Bitcoin is a distributed digital currency which has gained a substantial popularity. The paper performs an in-depth investigation to understand what made Bitcoin so successful, while decades of research on cryptographic e-cash has not lead to a large-scale deployment. It asks how Bitcoin could become a good candidate for a long-lived stable currency. In doing so, several issues and attacks on Bitcoin are identified, and suitable techniques to address them are proposed.

S. Barber, X. Boyen, E. Shi, E. Uzun, "Bitter to Better — How to Make Bitcoin a Better Currency", Financial Cryptography and Data Security, Lecture Notes in Computer Science, Volume 7397, 2012, pp 399-414.

BSc, MSc or Ph.D. level

*Assigned to Siddharth Rao*

**Comparison of security measures against identity theft in various countries**

In this project, the student will make a comparative study of security measures against identity theft in various countries.

BSc or MSc level

**Security measures against credit card frauds**

In this project, the student will make a study of existing security measures against credit card frauds. The study will be based on the Payment Card Industry Data Security Standard.

References: Payment Card Industry Data Security Standard https://www.pcisecuritystandards.org/security_standards/documents.php

Wikipedia article on the PCI Data Security Standard http://en.wikipedia.org/wiki/Payment_Card_Industry_Data_Security_Standard

BSc or MSc level

*Assigned to Reem Bayomi*

**Slides:** Slides-VitalySkachek-Spring2014

### Supervised by Riivo Talviste and Sven Laur

**Mobile app for secure multiparty computation**

The task is to develop a simple mobile app that exemplify secure multiparty computation (SMC). Together with the supervisor(s) the student comes up with a use case to use SMC for a practical application in smart phones. The app should also be educational in the sense that a user is able to see incoming and outgoing messages (shares). The SMC part of this topic is rather simple. However, is it suitable for a student who is already familiar with developing apps for smart phones (iOS or Android) as there is probably no time to learn it from scratch during the course.

BSc or MSc level

*Assigned to Sevil Guler*

### Supervised by Dominique Unruh

**Everlasting Multi-party Computation**

Everlasting security: protecting data even against future attacks (when today's ciphers are broken). Without quantum crypto: Impossible. With quantum crypto and signature cards (e.g., Estonian ID-cards): Possible to keep data secret forever.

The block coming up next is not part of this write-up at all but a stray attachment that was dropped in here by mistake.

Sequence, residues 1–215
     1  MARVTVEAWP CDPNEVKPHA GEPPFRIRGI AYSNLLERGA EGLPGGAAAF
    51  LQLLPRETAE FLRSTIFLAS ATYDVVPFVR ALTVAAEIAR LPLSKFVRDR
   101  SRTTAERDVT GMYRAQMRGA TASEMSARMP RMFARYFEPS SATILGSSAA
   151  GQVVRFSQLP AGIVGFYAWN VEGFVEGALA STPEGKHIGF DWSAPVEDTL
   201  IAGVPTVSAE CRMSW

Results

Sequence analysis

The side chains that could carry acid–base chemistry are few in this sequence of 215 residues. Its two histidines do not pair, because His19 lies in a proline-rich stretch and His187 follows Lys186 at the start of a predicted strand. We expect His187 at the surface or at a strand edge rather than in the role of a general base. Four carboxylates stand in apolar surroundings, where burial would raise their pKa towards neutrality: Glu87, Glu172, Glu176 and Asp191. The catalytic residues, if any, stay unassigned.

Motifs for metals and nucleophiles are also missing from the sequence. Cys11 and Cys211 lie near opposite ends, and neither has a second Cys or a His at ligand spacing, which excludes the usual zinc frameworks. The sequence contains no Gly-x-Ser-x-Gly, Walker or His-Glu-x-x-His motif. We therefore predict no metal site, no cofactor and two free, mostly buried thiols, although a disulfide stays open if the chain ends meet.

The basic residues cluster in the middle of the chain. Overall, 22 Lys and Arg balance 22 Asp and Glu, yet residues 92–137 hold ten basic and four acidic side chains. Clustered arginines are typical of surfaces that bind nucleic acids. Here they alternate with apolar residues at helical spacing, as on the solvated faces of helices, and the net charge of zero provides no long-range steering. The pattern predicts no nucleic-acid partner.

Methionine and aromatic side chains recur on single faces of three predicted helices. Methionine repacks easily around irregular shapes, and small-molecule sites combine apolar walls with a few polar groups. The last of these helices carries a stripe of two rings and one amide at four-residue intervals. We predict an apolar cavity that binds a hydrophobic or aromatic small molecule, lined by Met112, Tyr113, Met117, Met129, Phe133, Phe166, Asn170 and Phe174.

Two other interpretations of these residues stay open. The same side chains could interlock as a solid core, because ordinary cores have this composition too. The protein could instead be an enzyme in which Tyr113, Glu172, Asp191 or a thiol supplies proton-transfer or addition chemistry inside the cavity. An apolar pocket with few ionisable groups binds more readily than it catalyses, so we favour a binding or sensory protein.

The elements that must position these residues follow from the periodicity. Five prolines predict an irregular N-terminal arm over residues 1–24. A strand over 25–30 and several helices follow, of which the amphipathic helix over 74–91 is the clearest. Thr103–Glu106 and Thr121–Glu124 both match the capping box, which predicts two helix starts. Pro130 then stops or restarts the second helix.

You do not need to understand/reproduce aspects of the paper involving quantum mechanics.

Based on the paper by Dominique Unruh

MSc or PhD level

*Assigned to Sushanta Paudyal*

- Ristenpart, T., Shacham, H., Shrimpton, T.:
**Careful with composition: Limitations of the indifferentiability framework**, Eurocrypt 2011

In the analysis of cryptographic schemes, hash functions are often modeled in a simplified way as so-called "random oracles". (These are totally random function exhibiting no attackable structure.) In reality, however, the hash function is often built from smaller building blocks. To capture this gap, the concept of indifferentiability is often used: A hash function is good ("indifferentiable") if you cannot tell the difference from a random oracle. But the present paper shows that even with indifferentiable hash functions, unexpected attacks can occur, and develops even stronger requirements to close this gap.

MSc or PhD level

*Assigned to Riivo Talviste*

- Y. Dodis, R. Ostrovsky, L. Reyzin, and A. Smith.
**Fuzzy extractors: How to generate strong keys from biometrics and other noisy data.**

When using, e.g., a fingerprint as an encryption key, we have the problem that if we read the fingerprint later again, we might get a slightly different key. Which then cannot decrypt! Fuzzy extractors are algorithms which allow us to extract keys from fingerprints and similar noisy data, in such a way that encryption and decryption will match. Even if the fingerprints that were read are slightly different.

MSc or PhD level

- J. Bengtson, K. Bhargavan, C. Fournet, A. D. Gordon, and S. Maffeis.
**Refinement Types for Secure Implementations**. In CSF’08

Analysing security of complex protocols is often complex and error prone. We would like the computer to do it. This paper presents an approach where all security properties are encoded in the types of variables/expressions in programs. (E.g., x is type "encryption of an integer >= 5") If the program typechecks, it is secure.

MSc or PhD level

*Assigned to Tiit Pikma*

### Supervised by Jan Willemson (in collaboration with Cybernetica and STACC)

**Small-scale electronic elections**

The task of the project is to make an overview of the literature about electronic elections having smaller scale than the national ones we know in Estonia. For example, in several countries (e.g. Austria, Switzerland, Israel) voting by electronic means is used to elect student representatives in the universities. The final report should include an overview of the threats that arise in case of small-scale elections, and summarize different approaches that have been tried to assess these threats.

BSc or MSc level

**Slides:** Slides-JanWillemson

*Assigned to Valdur Kadakas.*

**Identity Card Key Generation in the Malicious Card Issuer Model**

The task for the project is to study possible approaches for generating and loading private keys in a smart card in such a way that a card issuer is prevented from learning the private key values.

MSc or PhD level

*Assigned to Arnis Parsovs*